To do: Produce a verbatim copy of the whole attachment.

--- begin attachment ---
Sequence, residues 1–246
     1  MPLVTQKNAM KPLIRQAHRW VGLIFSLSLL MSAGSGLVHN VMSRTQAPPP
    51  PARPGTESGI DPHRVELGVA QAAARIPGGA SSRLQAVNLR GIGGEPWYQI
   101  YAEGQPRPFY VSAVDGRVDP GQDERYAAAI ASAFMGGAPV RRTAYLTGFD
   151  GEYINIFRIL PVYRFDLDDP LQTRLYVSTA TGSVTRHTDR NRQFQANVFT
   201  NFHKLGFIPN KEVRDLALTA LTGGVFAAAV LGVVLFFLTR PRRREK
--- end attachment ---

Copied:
Sequence, residues 1–246
     1  MPLVTQKNAM KPLIRQAHRW VGLIFSLSLL MSAGSGLVHN VMSRTQAPPP
    51  PARPGTESGI DPHRVELGVA QAAARIPGGA SSRLQAVNLR GIGGEPWYQI
   101  YAEGQPRPFY VSAVDGRVDP GQDERYAAAI ASAFMGGAPV RRTAYLTGFD
   151  GEYINIFRIL PVYRFDLDDP LQTRLYVSTA TGSVTRHTDR NRQFQANVFT
   201  NFHKLGFIPN KEVRDLALTA LTGGVFAAAV LGVVLFFLTR PRRREK